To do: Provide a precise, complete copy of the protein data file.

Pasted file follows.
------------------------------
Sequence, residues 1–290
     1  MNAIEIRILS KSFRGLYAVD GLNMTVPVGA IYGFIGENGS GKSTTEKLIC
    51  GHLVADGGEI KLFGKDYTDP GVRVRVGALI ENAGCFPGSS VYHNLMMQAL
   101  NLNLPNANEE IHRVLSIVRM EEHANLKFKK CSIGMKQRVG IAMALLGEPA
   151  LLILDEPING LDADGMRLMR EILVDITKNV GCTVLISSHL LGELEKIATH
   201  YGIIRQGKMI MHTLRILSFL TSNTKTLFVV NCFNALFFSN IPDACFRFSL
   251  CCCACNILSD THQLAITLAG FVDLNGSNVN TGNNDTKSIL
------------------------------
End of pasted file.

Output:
Sequence, residues 1–290
     1  MNAIEIRILS KSFRGLYAVD GLNMTVPVGA IYGFIGENGS GKSTTEKLIC
    51  GHLVADGGEI KLFGKDYTDP GVRVRVGALI ENAGCFPGSS VYHNLMMQAL
   101  NLNLPNANEE IHRVLSIVRM EEHANLKFKK CSIGMKQRVG IAMALLGEPA
   151  LLILDEPING LDADGMRLMR EILVDITKNV GCTVLISSHL LGELEKIATH
   201  YGIIRQGKMI MHTLRILSFL TSNTKTLFVV NCFNALFFSN IPDACFRFSL
   251  CCCACNILSD THQLAITLAG FVDLNGSNVN TGNNDTKSIL